Good and Services Tax ( GST) is a destination-based tax also commonly understood as indirect Tax. It has subsumed almost all indirect taxes. It is a multi-level tax where Tax is imposed on every level of the production process. But as this is a destination-based tax, all the taxes imposed on every level of production are meant to be returned, and the Tax is collected from the final consumer.

A short Essay on GST, which is further added below, might be helpful in getting some knowledge of what GST is all about in reality. There are a lot of myths and rumors that have been doing the rounds on social media and among taxpayers.

A good look at the dedicated GST portal from the government might help in getting a better understanding of this Act. If you are a taxpayer, it will help you a great deal to get comfortable with the GST portal.

It is not only useful for different requirements that a taxpayer might have, but it will also be informational. Initially, a taxpayer might check the GST portal to register or to check how to download GST Certificate, but it is much more than that. It is basically a one-stop solution for everything a taxpayer needs. Information about filing taxes, queries on different tax slabs, about the laws, or any legality is available in a downloadable pdf format.

Few basics and examples:

Goods: Anything tangible that is produced, manufactured, bought, or sold and consumed.

Example of Goods: textiles, footwear, furniture, vehicles, etc.

Services: Intangible, Non-physical parts of the economy.

Examples of services: Medical treatment, transportation, marketing, sales, education, etc.

Taxes: A mandatory contribution to revenue of the country, levied by the government on business profits and workers’ income. It can also be cost added to some of the goods, services, and transactions.

There are two types of taxes. Direct Tax and Indirect Tax.

Direct Tax: A direct tax levied on income or profits of the individual who pays it, rather than on goods and services, such as Wealth Tax, Corporation Tax, Income Tax Etc.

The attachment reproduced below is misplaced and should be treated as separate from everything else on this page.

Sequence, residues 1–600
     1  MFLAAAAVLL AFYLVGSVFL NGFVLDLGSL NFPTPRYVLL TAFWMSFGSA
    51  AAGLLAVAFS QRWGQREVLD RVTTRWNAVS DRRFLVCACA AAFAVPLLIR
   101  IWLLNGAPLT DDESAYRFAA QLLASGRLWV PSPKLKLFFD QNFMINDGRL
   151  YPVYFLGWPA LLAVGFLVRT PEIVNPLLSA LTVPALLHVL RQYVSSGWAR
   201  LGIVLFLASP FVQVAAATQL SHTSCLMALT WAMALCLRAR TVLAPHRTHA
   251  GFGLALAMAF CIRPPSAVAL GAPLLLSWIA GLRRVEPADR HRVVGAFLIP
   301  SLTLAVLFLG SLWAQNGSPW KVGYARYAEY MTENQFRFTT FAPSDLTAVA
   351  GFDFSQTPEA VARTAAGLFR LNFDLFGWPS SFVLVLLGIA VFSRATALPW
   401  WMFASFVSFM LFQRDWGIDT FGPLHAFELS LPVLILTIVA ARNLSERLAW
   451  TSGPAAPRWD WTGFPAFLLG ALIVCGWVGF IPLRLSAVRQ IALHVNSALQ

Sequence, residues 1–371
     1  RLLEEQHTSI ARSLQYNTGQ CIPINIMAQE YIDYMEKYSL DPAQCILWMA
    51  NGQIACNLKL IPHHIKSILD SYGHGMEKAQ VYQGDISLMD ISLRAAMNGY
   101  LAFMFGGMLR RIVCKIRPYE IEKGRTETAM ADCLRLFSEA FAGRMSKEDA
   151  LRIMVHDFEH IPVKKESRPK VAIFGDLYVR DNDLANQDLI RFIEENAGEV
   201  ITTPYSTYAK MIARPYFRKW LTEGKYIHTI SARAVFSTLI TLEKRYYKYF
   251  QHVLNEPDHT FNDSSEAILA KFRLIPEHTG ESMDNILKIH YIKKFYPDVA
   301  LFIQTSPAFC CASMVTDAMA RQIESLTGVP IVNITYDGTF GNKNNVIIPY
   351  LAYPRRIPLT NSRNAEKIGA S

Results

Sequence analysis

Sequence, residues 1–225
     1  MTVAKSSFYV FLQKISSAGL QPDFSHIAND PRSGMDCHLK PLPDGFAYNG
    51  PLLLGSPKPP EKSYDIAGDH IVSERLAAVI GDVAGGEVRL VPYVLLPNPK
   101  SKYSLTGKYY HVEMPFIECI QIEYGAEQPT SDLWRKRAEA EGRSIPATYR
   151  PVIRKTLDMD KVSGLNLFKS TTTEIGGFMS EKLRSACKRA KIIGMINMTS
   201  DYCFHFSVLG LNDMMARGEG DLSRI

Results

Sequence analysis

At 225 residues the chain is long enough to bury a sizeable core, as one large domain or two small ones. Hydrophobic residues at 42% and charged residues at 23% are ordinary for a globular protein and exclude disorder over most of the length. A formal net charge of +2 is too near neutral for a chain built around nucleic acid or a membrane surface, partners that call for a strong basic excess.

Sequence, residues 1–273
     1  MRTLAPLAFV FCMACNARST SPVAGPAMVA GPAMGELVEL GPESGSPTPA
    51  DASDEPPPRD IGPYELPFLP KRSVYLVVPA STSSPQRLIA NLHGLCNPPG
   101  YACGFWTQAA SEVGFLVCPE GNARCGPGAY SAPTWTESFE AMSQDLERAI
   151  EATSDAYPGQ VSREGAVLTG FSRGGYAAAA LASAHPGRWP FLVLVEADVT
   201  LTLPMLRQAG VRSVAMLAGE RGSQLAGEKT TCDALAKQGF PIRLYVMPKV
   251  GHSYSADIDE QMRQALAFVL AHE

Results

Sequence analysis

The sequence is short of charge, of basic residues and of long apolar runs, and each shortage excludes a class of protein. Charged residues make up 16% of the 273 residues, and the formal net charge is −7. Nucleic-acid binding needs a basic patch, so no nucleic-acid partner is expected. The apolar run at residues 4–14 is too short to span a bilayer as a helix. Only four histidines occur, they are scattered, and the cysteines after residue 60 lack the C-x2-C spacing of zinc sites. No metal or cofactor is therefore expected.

Indirect Tax: a Tax levied on goods and services rather than on income or profit. Such as Value Added Tax(VAT), Sales Tax, Entertainment Tax, Service Tax, Excise Etc.

Previously, through Indirect Tax, many taxes of different slabs were levied on single service or product, creating complications and difficulty for the government in the collection of taxes. GST replaced this old tax system. It is an amalgamation of all those indirect taxes into one single Tax. It reduced complications and helped in ease of doing business as well as the collection of taxes. The GST is further divided into 3 parts. S-GST, C-GST, and I-GST.

Example of how GST was a game-changer.

A product goes through many different levels after being manufactured. Like a manufacturer who manufactures the product. It then moves to the wholesaler who sells the product in bulk quantities at lower prices. Then a retailer who sells it directly to the consumer. This has been the standard chain of supplier that a product moves from when it is made to when it reaches a consumer.

Example of the previous tax system.

If a manufacturer buys raw material of Rs. 50 and adds Rs. 50 as production and profit, the total value of the product becomes Rs. 100. With a 10% tax on the product, it becomes Rs.10 paid by the manufacturer as taxes for that product. Manufactures adds this to the cost of the product. “Manufacturers price + 10% tax = final value. 100 + 10 = 110.”

The wholesaler will get that product for Rs.110 from the manufacturer. The wholesaler will add their profit. Let’s say Rs. 10 to the product making the overall value reach Rs. 120. The taxes paid by the wholesaler will be Rs. 12 for the product of 120 as a 10% tax.”Wholesaler price + 10% tax = final value. 120+12 = 132.